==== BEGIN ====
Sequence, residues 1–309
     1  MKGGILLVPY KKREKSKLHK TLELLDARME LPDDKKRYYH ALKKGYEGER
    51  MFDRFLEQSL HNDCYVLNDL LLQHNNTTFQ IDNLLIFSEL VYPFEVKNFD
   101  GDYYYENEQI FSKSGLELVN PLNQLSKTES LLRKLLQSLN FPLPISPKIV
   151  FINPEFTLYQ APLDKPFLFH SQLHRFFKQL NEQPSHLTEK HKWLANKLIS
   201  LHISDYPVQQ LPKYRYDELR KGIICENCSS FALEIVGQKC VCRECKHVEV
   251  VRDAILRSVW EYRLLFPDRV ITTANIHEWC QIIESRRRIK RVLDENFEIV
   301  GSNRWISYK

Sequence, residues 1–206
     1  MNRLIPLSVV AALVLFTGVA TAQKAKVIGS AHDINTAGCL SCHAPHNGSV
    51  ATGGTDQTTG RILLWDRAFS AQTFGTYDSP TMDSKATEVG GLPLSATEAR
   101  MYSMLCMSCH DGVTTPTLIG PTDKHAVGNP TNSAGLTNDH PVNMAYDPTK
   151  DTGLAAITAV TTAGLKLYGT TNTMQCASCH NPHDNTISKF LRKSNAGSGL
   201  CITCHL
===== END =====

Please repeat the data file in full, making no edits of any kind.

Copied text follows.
Sequence, residues 1–309
     1  MKGGILLVPY KKREKSKLHK TLELLDARME LPDDKKRYYH ALKKGYEGER
    51  MFDRFLEQSL HNDCYVLNDL LLQHNNTTFQ IDNLLIFSEL VYPFEVKNFD
   101  GDYYYENEQI FSKSGLELVN PLNQLSKTES LLRKLLQSLN FPLPISPKIV
   151  FINPEFTLYQ APLDKPFLFH SQLHRFFKQL NEQPSHLTEK HKWLANKLIS
   201  LHISDYPVQQ LPKYRYDELR KGIICENCSS FALEIVGQKC VCRECKHVEV
   251  VRDAILRSVW EYRLLFPDRV ITTANIHEWC QIIESRRRIK RVLDENFEIV
   301  GSNRWISYK

Sequence, residues 1–206
     1  MNRLIPLSVV AALVLFTGVA TAQKAKVIGS AHDINTAGCL SCHAPHNGSV
    51  ATGGTDQTTG RILLWDRAFS AQTFGTYDSP TMDSKATEVG GLPLSATEAR
   101  MYSMLCMSCH DGVTTPTLIG PTDKHAVGNP TNSAGLTNDH PVNMAYDPTK
   151  DTGLAAITAV TTAGLKLYGT TNTMQCASCH NPHDNTISKF LRKSNAGSGL
   201  CITCHL